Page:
Learning how to be a sailor

Navy News / March 23, 2016

By Lieutenant (Navy) Linda Coleman

In 2012, I was offered an opportunity to work at Maritime Forces Pacific (MARPAC) Public Affairs in Esquimalt, B.C. By this point in my career, I had been a Public Affairs Officer in the Army Reserves for seven years, participating mainly in land operations and exercises. At the time, I didn’t know much about the Royal Canadian Navy (RCN), and was walking into unfamiliar territory.

The opportunity at MARPAC came at the perfect time in my life when I was willing to relocate, challenge myself and start a new adventure. And a challenge is what I got! On day two of my contract, I was thrown into a seven-hour meeting for an upcoming TGEX. I didn’t even know what a TGEX was (Task Group exercise, if you were wondering). I kept hearing “Ottawa”, “Vancouver” and for the first hour I thought they were referring to the cities. As it turns out, they were ships. Someone asked me if I knew where the “heads” were. The what?! I had no clue what was going on or what “heads” were (washrooms), and it seemed that no-one was speaking in English.

I had to learn fast, which I did over the course of my year with MARPAC. I grew to embrace the navy and all of its culture, quirks, traditions and language (which I’m still learning.) Living in Victoria wasn’t so bad either.

Fast forward a year later, and my application for employment with the Regular Force went through. I accepted an offer, switched to a naval uniform and embarked on an adventure with the RCN. This leads me to where I am today, on the Naval Environmental Training Program (NETP) preparing for my first naval deployment on Operation CARIBBE – Canada’s contribution to Operation MARTILLO, a multinational campaign against transnational criminal organizations in the Pacific Ocean and Caribbean Sea.

NETP is a four-week course consisting of both officers and non-commissioned members and entails everything from safety procedures on a ship, to force protection, weapons training, sea survival, learning how to use harnesses and damage control. Anyone who serves in Her Majesty’s Canadian Ships must take NETP to learn the basics of seamanship.

My class consisted of cooks, sonar operators, hull techs, stewards and a Sea King helicopter pilot, of all different ages and walks of life. Some were new recruits to the Canadian Armed Forces, while others had been in for over 15 years.

The course ended up being more useful than I ever imagined. From little things such as understanding what the numbers and letters on doors and hatches mean, to more difficult tasks including conducting force protection scenarios, fixing leaking pipes and fighting fires, you truly gain an overall knowledge on how to be a sailor in a warship.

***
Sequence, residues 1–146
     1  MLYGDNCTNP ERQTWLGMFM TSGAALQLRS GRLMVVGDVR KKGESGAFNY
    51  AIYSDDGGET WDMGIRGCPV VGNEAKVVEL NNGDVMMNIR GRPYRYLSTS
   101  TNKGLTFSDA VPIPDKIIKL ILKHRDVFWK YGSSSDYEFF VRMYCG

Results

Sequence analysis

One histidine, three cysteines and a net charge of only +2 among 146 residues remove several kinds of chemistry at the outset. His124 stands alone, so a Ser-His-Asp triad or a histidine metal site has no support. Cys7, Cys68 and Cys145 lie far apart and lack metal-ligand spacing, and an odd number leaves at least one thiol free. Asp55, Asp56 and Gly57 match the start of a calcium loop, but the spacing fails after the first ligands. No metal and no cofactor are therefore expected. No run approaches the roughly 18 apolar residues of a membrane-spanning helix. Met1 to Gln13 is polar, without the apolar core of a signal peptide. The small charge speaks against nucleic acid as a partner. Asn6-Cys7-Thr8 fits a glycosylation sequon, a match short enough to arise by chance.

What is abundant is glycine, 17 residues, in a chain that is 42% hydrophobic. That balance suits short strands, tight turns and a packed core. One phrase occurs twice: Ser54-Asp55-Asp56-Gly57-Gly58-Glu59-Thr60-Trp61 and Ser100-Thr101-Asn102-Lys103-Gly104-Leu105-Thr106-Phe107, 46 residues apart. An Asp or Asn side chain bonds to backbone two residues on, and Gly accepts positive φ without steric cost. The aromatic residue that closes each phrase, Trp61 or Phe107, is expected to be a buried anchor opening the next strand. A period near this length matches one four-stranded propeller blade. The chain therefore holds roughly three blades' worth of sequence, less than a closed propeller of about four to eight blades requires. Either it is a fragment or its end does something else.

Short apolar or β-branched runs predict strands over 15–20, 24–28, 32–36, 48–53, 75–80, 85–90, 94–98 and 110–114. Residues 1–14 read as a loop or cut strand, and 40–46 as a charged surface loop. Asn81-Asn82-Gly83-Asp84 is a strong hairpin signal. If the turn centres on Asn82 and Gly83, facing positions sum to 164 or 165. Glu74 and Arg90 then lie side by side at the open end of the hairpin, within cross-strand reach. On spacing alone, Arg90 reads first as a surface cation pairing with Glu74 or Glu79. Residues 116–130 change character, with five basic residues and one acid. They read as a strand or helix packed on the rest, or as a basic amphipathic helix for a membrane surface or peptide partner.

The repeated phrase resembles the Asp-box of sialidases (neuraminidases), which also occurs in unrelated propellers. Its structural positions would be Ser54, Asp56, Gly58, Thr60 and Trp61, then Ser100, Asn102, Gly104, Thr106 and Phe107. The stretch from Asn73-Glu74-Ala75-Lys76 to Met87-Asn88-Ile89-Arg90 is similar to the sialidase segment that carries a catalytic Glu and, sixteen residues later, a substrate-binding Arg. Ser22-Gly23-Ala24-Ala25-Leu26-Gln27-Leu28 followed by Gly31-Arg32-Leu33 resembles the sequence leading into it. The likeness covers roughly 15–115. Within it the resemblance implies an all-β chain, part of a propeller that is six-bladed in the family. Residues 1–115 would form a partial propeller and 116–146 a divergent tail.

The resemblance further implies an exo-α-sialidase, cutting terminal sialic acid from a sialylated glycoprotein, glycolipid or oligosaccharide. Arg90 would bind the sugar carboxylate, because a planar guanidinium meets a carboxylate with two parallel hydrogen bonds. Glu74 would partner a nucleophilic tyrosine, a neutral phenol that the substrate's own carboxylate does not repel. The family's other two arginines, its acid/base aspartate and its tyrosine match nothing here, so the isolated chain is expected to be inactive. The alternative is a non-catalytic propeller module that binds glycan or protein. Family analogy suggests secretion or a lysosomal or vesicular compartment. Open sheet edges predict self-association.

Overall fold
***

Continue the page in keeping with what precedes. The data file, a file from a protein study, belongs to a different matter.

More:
Damage Control School took up the last two weeks of the course and is arguably the most intense portion of NETP. The RCN’s Damage Control School is conducted in a state-of-the-art and environmentally friendly facility in Colwood, B.C., and includes 15 burn rooms for firefighter training and two flood tanks for flood control.

The training area is a mock-up of compartments in a ship where you’re subject to different types of flood and fire scenarios. As a team, we apply what we’ve learned in class on how to react to different damage control situations. As I dealt with a giant hole on a bulkhead with water gushing through while in waist deep cold water, or fighting a fire in an engine room with flames only five feet away, I can assure you that the training is intense and realistic.

“When you’re at sea, all you have is each other, so you have to depend on each other,” said Master Corporal Sean Armstrong, our fire instructor at Damage Control School. “No matter what one’s duties are in a ship, the discoverer of a flood, fire or any other emergency must learn how to take the appropriate actions.”

This information resonated with me and my biggest take away from NETP is that no matter what trade you are, every member of a ship’s company plays an integral part in ensuring the safety in a ship.

As a Public Affairs Officer, I’ll hopefully never have to do flood repair or fight a fire on a ship. However, learning the basics of these lifesaving skills gave me enough basic knowledge to provide effective assistance in a real-life emergency should the need arise. As I prepare to embark on Operation CARIBBE, I can thank NETP, and the staff who administered it, for helping me feel much more confident about myself and my abilities to serve in a warship.